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Awkward Moment Or Red Flag? 11 Literary Agent Practices Worth Questioning

Literary Agent Practices

Some literary agent practices are honest and aboveboard. Others fall into an awkward, ethical gray area—and some of these practices should send writers running for the hills. Here’s how to make sense of questionable literary agency practices when you’re not sure what to do.

Literary Agency Practices: How To Tell The Dubious From The Dangerous

Charging reading fees. Some so-called “literary agents” require reading fees from all writers who submit. We’ll put it this way: reading fees are bad, bad, bad. Reputable literary agents make their money by selling books, not by charging to read your work. The verdict: RED FLAG.

Taking a long time to respond. Unfortunately, it’s not unusual for writers to have to sit tight and fret over delayed responses. Here’s how to nudge an agent about a submission or how to get more attention from one. The verdict: AWKWARD MOMENT.

Submit to Review Board

Not offering a written contract. Very few literary agencies will forgo a written contract. A contract will protect your rights much more than a handshake will! Ask for a contract. If you don’t get one, reconsider the partnership. The verdict: RED FLAG.

Recommending revisions (with fees). Some literary agents will respond to manuscript requests with a note saying, “We like this, but you need to revise. Here is the name of a freelance editor” or, “Here are our critique fees.” Sometimes, the advice is truly well intentioned. But other times, the agent is just looking to score an affiliate commission or business on the side. Do your research on literary agents’ reputations. The verdict: AWKWARD MOMENT that could be a RED FLAG.

Advertising. Most reputable literary agencies get more business than they can handle through the legitimate writers market listings that can be found on the Internet and in bookstores. The verdict: RED FLAG.

Targeting poetry and story authors. Be suspicious if any agent promises to make you a lot of money by selling your poems or stories to literary journals or magazines. The verdict: RED FLAG.

Withholding the names of editors who have seen your writing. You ask your literary agent for the names of the editors who have seen or will see your book project—and you’re told to back off. The question to ask is: Why is your agent withholding this vital information? Take a moment to assure him or her that you won’t contact editors on your own, then ask again. If the agent still doesn’t offer the names, it could be cause for concern. The verdict: AWKWARD MOMENT that could be a RED FLAG.

Not offering copies of editors’ responses. If you ask to see copies of responses to your submissions and your literary agent refuses to comply, you should be concerned. The agent could be misleading you about editor responses and whether submissions were made in the first place. That said, some agents just don’t like to share their personal correspondence. And other literary agents handle manuscript follow-ups on the phone, not in writing. The verdict: AWKWARD MOMENT that could be a RED FLAG.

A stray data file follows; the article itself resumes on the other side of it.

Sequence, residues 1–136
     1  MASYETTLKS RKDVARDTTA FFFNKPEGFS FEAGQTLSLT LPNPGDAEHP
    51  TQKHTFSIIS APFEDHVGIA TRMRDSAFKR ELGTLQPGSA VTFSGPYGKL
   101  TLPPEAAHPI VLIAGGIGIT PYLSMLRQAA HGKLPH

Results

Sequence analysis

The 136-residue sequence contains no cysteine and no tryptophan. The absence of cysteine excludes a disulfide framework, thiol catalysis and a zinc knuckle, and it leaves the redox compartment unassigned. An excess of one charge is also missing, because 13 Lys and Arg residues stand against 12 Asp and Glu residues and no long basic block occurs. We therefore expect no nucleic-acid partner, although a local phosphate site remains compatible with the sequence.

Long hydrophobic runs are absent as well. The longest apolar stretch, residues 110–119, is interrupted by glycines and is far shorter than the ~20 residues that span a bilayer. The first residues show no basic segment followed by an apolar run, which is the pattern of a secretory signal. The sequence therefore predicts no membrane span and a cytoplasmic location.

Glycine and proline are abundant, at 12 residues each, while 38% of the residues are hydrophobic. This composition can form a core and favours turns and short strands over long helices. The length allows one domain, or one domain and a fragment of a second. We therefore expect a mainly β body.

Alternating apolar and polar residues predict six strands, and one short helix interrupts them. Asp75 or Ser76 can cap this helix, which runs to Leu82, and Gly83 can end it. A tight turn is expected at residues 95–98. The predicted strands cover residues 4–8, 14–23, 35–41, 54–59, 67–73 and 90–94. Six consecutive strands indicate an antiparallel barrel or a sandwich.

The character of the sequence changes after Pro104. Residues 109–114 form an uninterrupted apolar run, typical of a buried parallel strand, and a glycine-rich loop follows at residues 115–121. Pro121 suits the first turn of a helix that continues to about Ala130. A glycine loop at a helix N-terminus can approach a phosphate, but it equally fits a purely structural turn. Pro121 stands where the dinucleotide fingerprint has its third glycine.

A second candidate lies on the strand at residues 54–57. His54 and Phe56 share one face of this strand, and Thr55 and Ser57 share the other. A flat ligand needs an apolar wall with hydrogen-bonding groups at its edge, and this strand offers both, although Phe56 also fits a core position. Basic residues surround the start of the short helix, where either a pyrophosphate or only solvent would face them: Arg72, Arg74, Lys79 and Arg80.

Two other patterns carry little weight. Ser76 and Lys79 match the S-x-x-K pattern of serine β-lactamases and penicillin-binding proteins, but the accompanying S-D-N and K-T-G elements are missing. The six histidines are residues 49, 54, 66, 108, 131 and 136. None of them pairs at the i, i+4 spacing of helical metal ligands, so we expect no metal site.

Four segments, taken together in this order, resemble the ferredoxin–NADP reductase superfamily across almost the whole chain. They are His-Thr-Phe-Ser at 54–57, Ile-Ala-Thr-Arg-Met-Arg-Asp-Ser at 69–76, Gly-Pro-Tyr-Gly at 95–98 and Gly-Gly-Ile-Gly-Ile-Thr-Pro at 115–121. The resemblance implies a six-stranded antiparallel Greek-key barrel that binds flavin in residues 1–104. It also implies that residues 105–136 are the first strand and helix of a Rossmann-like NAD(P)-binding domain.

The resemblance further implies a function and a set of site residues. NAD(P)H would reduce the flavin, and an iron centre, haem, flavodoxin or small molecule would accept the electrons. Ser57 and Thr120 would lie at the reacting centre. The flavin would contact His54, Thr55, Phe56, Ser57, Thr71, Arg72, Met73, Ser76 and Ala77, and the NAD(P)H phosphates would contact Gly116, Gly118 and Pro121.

Bundling. Some literary agents send more than one book project to a single editor at one time. As a result, the editor can feel as if the agent hasn’t really taken the time to learn which of that handful of books is the one the editor would be interested in publishing. The verdict: RED FLAG.

Asking you to sign a challenging literary agency contract. If your potential agent is willing to negotiate within reason, great (that’s what agents do!). But if your agent has refused to compromise, you might be looking at a difficult working relationship ahead. The verdict: AWKWARD MOMENT.

Offering to publish your book for you. There’s a lot of controversy around literary agents who publish their clients’ work. You’ll have to make a personal decision about literary agents who are also publishers. The verdict: AWKWARD MOMENT.

Should You Fire Your Literary Agent?

Sometimes, it’s hard to know when to break ties with a literary agent. If your literary agent is displaying any of these signs, it may be time to think about parting ways.

Writer QuestionsQUESTION: Of these 11 practices, which do you think is the worst?

 

 

3 Responses to Awkward Moment Or Red Flag? 11 Literary Agent Practices Worth Questioning

  1. I agree with most of these caveats. However…

    I almost always ask for revisions, and if you ask, I might suggest resources. But I don’t care how you get there, as long as you get there.

    As for bundling, I only submit to editors who I personally know and who know me. So they (generally) don’t mind if I pitch more than one project at a time. You WANT an agent who has those relationships.

  2. Thank you. This was especially helpful. I self-published my first novel, but planned to use an agent for the next one. This article will help me make a better decision.

  3. I went through a host of agencies before I published my book. I tend to consider any agency who makes the majority of their money by adding on services as not totally on the up and up. Then there are some agents with questionable practices such as requiring you to sign a contract turning over certain rights to them or paying them an enormous percentage of royalties. See an attorney before signing any contracts.

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